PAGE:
The evolution of proteins is one of the fundamental processes that has delivered the diversity and complexity of life we see around ourselves today. While we tend to define protein evolution in terms of sequence level mutations, insertions and deletions, it is hard to translate these processes to a more complete picture incorporating a polypeptide's structure and function. By considering how protein structures change over time we can gain an entirely new appreciation of their long-term evolutionary dynamics. In this work we seek to identify how populations of proteins at different stages of evolution explore their possible structure space. We use an annotation of superfamily age to this space and explore the relationship between these ages and a diverse set of properties pertaining to a superfamily's sequence, structure and function. We note several marked differences between the populations of newly evolved and ancient structures, such as in their length distributions, secondary structure content and tertiary packing arrangements. In particular, many of these differences suggest a less elaborate structure for newly evolved superfamilies when compared with their ancient counterparts. We show that the structural preferences we report are not a residual effect of a more fundamental relationship with function. Furthermore, we demonstrate the robustness of our results, using significant variation in the algorithm used to estimate the ages. We present these age estimates as a useful tool to analyse protein populations. In particularly, we apply this in a comparison of domains containing greek key or jelly roll motifs.
Proteins are the molecular workers of the cell. They are formed from a string of amino acids which folds into an elaborate three-dimensional structure. While there is a relationship between a protein's sequence and its structure this relationship is highly complex and not fully understood. Protein structures tend to evolve differently to their sequences. They are far more conserved so tend to change slower. The aim of this paper was to identify trends in the way that protein structures evolve, rather than adapting models of sequence evolution. To do this we have provided a database of ages for structural superfamilies. These ages are robust to drastic differences in the evolutionary assumptions underlying their estimation and can be used to study differences between populations of proteins. For example, we have compared newly evolved structures against those with a long evolutionary history and found that, overall, a shorter evolutionary history corresponds to a less elaborate structure. We have also demonstrated here how these ages can be used to compare particular structural motifs present in a large number of protein structures and have shown that the jelly roll motif is significantly younger than the greek key.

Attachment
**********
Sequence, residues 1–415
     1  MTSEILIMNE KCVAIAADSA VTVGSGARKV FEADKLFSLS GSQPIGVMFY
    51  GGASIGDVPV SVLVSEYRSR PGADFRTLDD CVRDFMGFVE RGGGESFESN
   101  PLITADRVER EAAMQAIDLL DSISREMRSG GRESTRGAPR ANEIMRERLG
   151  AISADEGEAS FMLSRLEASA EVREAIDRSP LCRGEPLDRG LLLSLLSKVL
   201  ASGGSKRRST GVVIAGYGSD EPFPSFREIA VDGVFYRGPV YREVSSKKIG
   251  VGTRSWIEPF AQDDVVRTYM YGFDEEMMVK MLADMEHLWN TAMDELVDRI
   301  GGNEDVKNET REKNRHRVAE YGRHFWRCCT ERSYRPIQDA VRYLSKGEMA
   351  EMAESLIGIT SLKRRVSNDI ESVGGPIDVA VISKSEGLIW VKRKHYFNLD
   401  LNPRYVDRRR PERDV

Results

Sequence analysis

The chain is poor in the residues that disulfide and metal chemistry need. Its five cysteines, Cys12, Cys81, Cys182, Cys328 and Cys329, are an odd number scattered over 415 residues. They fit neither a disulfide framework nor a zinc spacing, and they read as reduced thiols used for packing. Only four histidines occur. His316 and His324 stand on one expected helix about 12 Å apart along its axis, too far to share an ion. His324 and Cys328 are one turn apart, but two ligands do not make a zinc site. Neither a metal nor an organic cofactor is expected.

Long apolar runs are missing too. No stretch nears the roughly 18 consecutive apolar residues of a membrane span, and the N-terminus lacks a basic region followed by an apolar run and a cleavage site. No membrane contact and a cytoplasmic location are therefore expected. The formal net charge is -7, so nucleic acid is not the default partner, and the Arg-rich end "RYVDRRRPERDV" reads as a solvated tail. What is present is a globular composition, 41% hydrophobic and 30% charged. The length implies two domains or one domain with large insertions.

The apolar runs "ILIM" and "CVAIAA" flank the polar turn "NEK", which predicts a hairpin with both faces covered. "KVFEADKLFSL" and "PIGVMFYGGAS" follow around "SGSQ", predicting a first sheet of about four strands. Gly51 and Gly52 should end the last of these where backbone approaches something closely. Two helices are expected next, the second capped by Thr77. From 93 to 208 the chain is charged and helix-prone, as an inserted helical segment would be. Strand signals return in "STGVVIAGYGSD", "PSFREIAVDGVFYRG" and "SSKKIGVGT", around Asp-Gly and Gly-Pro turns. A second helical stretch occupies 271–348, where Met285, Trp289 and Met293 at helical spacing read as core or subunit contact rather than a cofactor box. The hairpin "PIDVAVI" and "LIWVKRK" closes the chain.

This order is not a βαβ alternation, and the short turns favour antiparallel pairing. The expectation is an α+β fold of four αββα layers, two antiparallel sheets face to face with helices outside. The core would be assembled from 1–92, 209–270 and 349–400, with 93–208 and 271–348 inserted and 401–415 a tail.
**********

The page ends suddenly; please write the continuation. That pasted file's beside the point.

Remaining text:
Consistently predicting biopolymer structure at atomic resolution from sequence alone remains a difficult problem, even for small sub-segments of large proteins. Such loop prediction challenges, which arise frequently in comparative modeling and protein design, can become intractable as loop lengths exceed 10 residues and if surrounding side-chain conformations are erased. Current approaches, such as the protein local optimization protocol or kinematic inversion closure (KIC) Monte Carlo, involve stages that coarse-grain proteins, simplifying modeling but precluding a systematic search of all-atom configurations. This article introduces an alternative modeling strategy based on a ‘stepwise ansatz’, recently developed for RNA modeling, which posits that any realistic all-atom molecular conformation can be built up by residue-by-residue stepwise enumeration. When harnessed to a dynamic-programming-like recursion in the Rosetta framework, the resulting stepwise assembly (SWA) protocol enables enumerative sampling of a 12 residue loop at a significant but achievable cost of thousands of CPU-hours. In a previously established benchmark, SWA recovers crystallographic conformations with sub-Angstrom accuracy for 19 of 20 loops, compared to 14 of 20 by KIC modeling with a comparable expenditure of computational power. Furthermore, SWA gives high accuracy results on an additional set of 15 loops highlighted in the biological literature for their irregularity or unusual length. Successes include cis-Pro touch turns, loops that pass through tunnels of other side-chains, and loops of lengths up to 24 residues. Remaining problem cases are traced to inaccuracies in the Rosetta all-atom energy function. In five additional blind tests, SWA achieves sub-Angstrom accuracy models, including the first such success in a protein/RNA binding interface, the YbxF/kink-turn interaction in the fourth ‘RNA-puzzle’ competition. These results establish all-atom enumeration as an unusually systematic approach to ab initio protein structure modeling that can leverage high performance computing and physically realistic energy functions to more consistently achieve atomic accuracy.